However, these were just some of the progress that is mentioned above, All the above paragraphs are just to know how the national food security act has been so far and what exactly was the main idea for forming it and bringing it into action. Nevertheless, there is a lot of progress that has been slowed down because of the pandemic in the world, COVID-19. In the coming up paragraphs, we will see how The food security in India is keeping up and what are the downfalls that are faced by the citizens of India.


The novel coronavirus has caused havoc in all sectors of the world—furthermore, the one sector which has hugely been impacted with a drastic change in the healthcare area. Millions of people have lost their lives already, and a million are still fighting against this dangerous virus. Statistics show that there have been 26.3 million cases worldwide, around which 6 million are still active cases, and the number keeps growing every hour. The COVID-19 pandemic has resulted in an immediate catastrophe for both the environment and the Indian economy on many levels. it has affected all individuals in many aspects. The International Monetary Fund (IMF) has projected that India’s GDP will rise at a rate of 1.9%. However, one of the most critical facets of the pandemic is maintaining food availability for everyone as we know India has been. It is also feared that the prolonged lockdown in the country could adversely affect the supply of labor and inputs for agricultural machinery.

When it comes to analyzing food security as the four main systems or in other words can be called pillars, we can see that it is availability, access, stability, and utilization. This has been even saying and told by the FAO of India which is the food and agriculture organization. On further deeply when analyzed, we know that right now, in the current situation, availability and access have become essential and will thus be one of the most important aspects as this will furthermore be difficult to stay organized and efficient. Alongside, when it comes to supplying of food and grains, as most part of the world deals with this problems, it is obvious that will happen here in India as well, that is incomes of farmers of poultry and crops has dropped down drastically, there are storage problems, as the rents have had a downfall, along with this, there are crop damages with transport network issues. The travel bans have also led to many parts of rural areas starve.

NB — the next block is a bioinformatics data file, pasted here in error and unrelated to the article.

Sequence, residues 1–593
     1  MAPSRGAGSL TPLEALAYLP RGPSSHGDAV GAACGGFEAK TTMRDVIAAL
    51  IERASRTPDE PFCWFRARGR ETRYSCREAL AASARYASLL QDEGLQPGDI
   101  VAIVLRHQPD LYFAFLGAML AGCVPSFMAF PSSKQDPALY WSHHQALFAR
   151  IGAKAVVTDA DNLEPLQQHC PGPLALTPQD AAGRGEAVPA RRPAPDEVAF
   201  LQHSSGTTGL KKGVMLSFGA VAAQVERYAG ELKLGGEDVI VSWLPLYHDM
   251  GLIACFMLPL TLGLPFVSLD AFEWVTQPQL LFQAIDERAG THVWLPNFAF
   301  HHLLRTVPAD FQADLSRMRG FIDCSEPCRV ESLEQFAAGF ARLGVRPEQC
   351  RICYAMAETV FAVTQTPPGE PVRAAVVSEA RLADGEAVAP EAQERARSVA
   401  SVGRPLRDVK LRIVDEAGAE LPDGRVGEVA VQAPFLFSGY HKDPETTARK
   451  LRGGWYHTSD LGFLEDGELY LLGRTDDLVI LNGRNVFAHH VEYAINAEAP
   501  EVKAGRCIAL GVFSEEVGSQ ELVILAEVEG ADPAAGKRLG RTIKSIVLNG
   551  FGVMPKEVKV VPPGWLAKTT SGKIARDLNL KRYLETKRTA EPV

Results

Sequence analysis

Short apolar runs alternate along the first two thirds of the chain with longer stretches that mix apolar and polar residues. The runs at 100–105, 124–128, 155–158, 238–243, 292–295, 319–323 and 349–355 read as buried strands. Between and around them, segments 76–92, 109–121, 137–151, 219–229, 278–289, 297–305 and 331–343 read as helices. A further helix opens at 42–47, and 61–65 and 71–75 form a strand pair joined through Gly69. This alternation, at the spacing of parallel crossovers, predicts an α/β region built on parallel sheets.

When thoroughly evaluating the effects of COVID-19, the Global Food Crisis Study 2020 released by the World Food Program predicts that more than 265 million people will suffer from acute food emergencies and discrepancies, an improvement of 100 percent in the number of people fighting acute hunger shortages. As the effect of COVID-19 becomes apparent, this figure will certainly increase. Moreover, following the sudden economic disruption and joblessness, the world economy will still take a long time to get back to normal with a lot of difficulties faced by all human beings.

The Indian government has taken different initiatives to combat the above-mentioned issues that are faced by the citizens. However, these initiatives would take a major amount of capital and time to implement 100% and to bring an evident change. The Government has given food grain supplies through the Pradhan Mantri Garib Kalyan Anna Yojana (‘PMGKAY’) to all those who come under the Act. This initiative is very successful as long as the delivery stores keep receiving the necessary food products on time and in an accurate quantity. Albeit, there are some criticisms that the amount supplied is smaller, which makes it difficult to handle such a large population. With respect to the accessibility of food grains, India is self-sufficient in a variety of food grains, such as rice and wheat.

The government has designed a varied number of strategies to concentrate on different areas. One of the procurement strategies is supplying farmers with a minimum support price which in short is MSP, they made making food grains available to the poorest parts of the society through the TPDS. Plus, In fact, the Food Corporation of India is to procure a buffer stock of 5 kg of food grain for all those protected by the Act, 2013, which is estimated at approximately 800 million people.